Starbucks will unveil its web3 initiative, which includes coffee-themed NFTs, at next month's Investor Day event. The company earlier this year announced its plans to enter the web3 space, noting its NFTs wouldn't just serve as digital collectibles, but would provide their owners with access to exclusive content and other perks.
At the time, Starbucks was light on details as to what its debut set of NFTs would look like, specific features they'd provide or even what blockchain it was building on. It said the plan was likely to be multichain or chain-agnostic, hinting at plans that weren't yet finalized.
Overall, the coffee retailer kept its web3 news fairly high level, explaining simply that it believed digital collectibles could create an accretive business adjust to its stores and that more would be revealed later in 2022.
While some companies jumped on the NFT bandwagon without much thought as to how their investments would fit in with their larger business goals, Starbucks seems to be attempting a different approach. It sees the collectibles as an extension of customer loyalty. The company brought in Adam Brotman, the architect of its Mobile Order & Pay system and the Starbucks app, to help serve as a special advisor on the project.
Mobile Order & Pay has been one of Starbucks' biggest successes, in terms of tech innovations. The company was one of the first to introduce the concept of a digital wallet, even before Apple Pay became ubiquitous. And as broader mobile payment adoption has grown, Starbucks mobile ordering has, too. In the past quarter -- Starbucks' fiscal Q3 -- mobile orders, delivery and drive-through combined drove 72% of Starbucks' U.S. revenue. In addition, the mobile ordering sales mix grew to a record high of 47%, up 13% year-over-year, following COVID-driven changes in consumer behavior, the company said.
Starbucks founder and now interim CEO Howard Schultz, who returned to the company in April, teased its forthcoming web3 initiative during this week's earnings call with investors.
"We have been working on a very exciting new digital initiative that builds on our existing industry-leading digital platform in innovative new ways all centered around coffee and most importantly, loyalty, that we will reveal at Investor Day," Schultz said.
The company had previously announced its plans to host its 2022 Investor Day in Seattle on September 13, 2022.
Schultz continued, "we believe this new digital web3-enabled initiative will allow us to build on the current Starbucks Rewards engagement model with its powerful spend to earn stars approach while also introducing new methods of emotionally engaging customers, expanding our digital third place community, and offering a broader set of rewards, including one-of-a-kind experiences that you can't get anywhere else, integrating our digital Starbucks Rewards ecosystem with Starbucks-branded digital collectibles as both a reward and a community building element.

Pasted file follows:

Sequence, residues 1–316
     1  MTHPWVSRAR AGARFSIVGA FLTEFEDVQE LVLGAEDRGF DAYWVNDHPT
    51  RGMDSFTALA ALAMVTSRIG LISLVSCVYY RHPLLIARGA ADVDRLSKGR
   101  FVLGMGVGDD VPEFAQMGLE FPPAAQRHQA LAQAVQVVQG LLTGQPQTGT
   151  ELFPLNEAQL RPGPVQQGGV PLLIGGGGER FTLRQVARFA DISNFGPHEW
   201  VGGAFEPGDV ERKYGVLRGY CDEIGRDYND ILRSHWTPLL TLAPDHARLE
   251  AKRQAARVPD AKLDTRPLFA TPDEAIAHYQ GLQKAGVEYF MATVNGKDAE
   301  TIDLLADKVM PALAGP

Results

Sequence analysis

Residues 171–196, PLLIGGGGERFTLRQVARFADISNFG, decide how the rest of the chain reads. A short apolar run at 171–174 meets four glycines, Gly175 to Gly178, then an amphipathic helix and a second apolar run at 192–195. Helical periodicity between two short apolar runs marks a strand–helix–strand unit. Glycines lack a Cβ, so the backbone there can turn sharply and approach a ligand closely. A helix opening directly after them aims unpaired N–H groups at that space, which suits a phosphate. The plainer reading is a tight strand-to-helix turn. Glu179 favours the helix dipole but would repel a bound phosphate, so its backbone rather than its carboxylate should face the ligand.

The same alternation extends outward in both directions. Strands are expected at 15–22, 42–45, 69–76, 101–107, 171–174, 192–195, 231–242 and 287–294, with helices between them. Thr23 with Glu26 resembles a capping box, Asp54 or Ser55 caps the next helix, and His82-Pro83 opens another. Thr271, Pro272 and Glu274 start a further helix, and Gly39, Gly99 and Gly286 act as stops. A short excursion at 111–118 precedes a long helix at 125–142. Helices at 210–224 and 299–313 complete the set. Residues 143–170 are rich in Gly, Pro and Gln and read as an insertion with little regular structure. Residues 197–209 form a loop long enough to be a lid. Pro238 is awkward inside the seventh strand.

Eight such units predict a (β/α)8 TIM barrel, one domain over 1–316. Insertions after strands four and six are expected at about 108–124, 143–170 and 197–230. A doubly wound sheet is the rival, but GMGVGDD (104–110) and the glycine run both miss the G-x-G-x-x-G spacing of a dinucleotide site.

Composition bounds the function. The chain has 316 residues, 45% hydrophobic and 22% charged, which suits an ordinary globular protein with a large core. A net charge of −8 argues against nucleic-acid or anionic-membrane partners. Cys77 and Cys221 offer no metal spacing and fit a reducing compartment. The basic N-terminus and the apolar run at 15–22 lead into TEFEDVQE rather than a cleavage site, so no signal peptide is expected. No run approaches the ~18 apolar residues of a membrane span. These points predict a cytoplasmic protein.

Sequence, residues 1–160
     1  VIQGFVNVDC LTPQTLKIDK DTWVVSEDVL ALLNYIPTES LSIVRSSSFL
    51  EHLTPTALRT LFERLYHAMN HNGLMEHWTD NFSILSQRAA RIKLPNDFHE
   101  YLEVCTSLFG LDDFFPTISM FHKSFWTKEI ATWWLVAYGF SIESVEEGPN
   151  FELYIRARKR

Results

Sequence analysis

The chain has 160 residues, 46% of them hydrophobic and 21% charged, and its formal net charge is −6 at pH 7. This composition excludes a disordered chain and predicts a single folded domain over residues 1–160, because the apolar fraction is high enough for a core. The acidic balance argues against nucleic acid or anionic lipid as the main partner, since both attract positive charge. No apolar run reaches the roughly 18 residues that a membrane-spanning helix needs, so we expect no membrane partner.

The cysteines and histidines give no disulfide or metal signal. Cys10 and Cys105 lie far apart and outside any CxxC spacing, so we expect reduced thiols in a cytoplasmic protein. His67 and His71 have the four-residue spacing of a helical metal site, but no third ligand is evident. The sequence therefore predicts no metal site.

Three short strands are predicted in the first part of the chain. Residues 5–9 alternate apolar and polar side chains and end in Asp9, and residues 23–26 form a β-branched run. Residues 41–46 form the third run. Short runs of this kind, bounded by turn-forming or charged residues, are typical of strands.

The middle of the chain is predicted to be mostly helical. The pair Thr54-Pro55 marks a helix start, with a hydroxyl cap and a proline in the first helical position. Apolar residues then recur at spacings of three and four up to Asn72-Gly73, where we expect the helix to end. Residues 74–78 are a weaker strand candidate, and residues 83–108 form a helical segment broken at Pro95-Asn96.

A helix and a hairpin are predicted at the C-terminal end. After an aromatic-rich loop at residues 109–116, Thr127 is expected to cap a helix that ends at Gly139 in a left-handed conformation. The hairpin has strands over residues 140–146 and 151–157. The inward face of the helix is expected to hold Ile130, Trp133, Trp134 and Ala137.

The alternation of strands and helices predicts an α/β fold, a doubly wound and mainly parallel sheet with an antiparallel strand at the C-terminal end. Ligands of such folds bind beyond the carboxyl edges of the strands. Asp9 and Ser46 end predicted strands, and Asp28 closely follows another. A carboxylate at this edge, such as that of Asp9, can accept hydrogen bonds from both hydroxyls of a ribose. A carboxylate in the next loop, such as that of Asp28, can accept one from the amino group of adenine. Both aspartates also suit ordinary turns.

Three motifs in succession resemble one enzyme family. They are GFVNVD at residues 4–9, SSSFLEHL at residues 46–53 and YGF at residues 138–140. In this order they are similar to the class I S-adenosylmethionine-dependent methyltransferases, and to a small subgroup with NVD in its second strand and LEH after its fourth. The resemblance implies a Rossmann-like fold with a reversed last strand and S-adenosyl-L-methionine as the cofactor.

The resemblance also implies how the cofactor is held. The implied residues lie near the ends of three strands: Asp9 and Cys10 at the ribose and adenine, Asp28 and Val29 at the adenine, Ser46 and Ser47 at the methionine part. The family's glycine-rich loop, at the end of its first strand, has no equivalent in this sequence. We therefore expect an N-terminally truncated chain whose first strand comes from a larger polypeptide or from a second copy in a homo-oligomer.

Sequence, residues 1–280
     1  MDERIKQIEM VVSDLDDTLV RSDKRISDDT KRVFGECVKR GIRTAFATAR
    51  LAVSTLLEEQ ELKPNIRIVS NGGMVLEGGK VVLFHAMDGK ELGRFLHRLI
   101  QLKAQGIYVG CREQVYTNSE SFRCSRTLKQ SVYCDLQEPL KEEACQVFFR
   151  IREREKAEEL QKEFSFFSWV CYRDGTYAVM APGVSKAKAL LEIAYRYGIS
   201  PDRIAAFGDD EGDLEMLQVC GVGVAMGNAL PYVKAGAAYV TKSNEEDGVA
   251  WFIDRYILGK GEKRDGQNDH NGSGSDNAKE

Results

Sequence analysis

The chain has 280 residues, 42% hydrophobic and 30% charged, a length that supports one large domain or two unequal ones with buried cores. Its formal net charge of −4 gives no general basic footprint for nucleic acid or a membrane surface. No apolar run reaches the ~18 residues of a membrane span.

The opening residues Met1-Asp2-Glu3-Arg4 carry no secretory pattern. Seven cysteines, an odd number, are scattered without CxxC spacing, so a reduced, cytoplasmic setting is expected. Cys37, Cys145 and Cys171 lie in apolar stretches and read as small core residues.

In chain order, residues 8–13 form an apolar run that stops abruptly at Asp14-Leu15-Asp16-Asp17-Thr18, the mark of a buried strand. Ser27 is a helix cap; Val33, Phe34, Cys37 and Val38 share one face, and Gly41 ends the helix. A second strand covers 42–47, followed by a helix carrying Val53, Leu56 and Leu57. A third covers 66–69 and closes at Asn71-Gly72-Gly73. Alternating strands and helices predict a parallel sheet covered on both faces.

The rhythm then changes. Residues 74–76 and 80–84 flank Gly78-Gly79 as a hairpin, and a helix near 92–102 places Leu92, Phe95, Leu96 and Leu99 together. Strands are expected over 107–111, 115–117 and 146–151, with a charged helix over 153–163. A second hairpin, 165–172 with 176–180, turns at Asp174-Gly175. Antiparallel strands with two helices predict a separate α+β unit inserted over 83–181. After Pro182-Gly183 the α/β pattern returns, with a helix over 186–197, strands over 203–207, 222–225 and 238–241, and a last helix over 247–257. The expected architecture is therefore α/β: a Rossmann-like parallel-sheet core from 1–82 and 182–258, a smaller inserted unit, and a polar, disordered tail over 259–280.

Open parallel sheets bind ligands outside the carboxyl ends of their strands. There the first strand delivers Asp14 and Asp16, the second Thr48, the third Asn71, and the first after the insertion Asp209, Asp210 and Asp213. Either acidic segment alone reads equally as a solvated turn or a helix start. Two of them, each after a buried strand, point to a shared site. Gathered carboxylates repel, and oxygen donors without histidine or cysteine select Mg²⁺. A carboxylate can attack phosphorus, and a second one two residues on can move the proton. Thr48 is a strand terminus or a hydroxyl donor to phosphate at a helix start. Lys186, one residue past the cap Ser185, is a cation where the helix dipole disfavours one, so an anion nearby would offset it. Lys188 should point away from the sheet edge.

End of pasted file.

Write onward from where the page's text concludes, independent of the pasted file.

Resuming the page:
"This will create an entirely new set of digital network effects that will attract new customers and be accretive to existing customers in our core retail stores," he added.
Though the details aren't yet fleshed out, the approach here sounds potentially interesting — at least compared with some other corporate NFT projects (an admittedly low bar). The company hadn't before clarified that the NFTs would be tied directly to Starbucks Rewards.
Currently, customers earn Stars with purchases in the app or at Starbucks stores, which can then translate into tangible rewards -- like free drinks. It appears that the new NFTs will now be incorporated into part of this loyalty program, somehow. If customers were to "earn" the collectibles through everyday purchases, perhaps, that could potentially onboard more people to the web3 ecosystem. This is one of the challenges the space faces today, where purchases of digital art and collectibles often come at high costs and with sizable fees. What's more, the digital program could give customers a reason to care about NFTs, if the rewards and so-called "one-of-a-kind" experiences ended up being something actually worth earning. (Of course, that remains to be seen.)
There is some indication that consumers are interested in easier ways to enter the web3 space, however. For example, the crypto rewards app Sweatcoin has become a breakout hit thanks to how it rewards users with "Sweatcoins" for every 1,000 steps they walk. The app this past quarter was No. 4 by global downloads and No. 6 by monthly active users on data.ai's list of "Top Breakout Apps" -- meaning, those that saw the largest absolute growth in downloads in the quarter. There's also now a good handful of games offering play-to-earn models, which aim to tie a fun activity like gaming to cryptocurrencies or NFTs. These have seen more mixed success as some gamers are opposed to the idea.
During the call, Schultz also stressed the value of catering to the younger consumer. Though his comments were more of a reflection of Gen Z's demand for Starbucks' cold drinks and iced shaken espresso -- which drove sales in the quarter -- a web3-based loyalty program could serve as another way to attract younger consumers to the brand.
"We don't want to be in a business where our customer base is aging and we have a less relevant situation with younger people," Schultz said, before touting that the company has "never been, in our history, more relevant than we are today to Gen Z."
"To me, that cohort is so powerful, and the attachment rate that we have with them and the loyalty is just building," he added.
Starbucks posted strong earnings in the quarter, beating Wall Street's expectations despite the economic challenges. The company reported revenue of $8.15 billion versus $8.11 expected, and earnings per share of 84 cents adjusted versus 75 cents expected.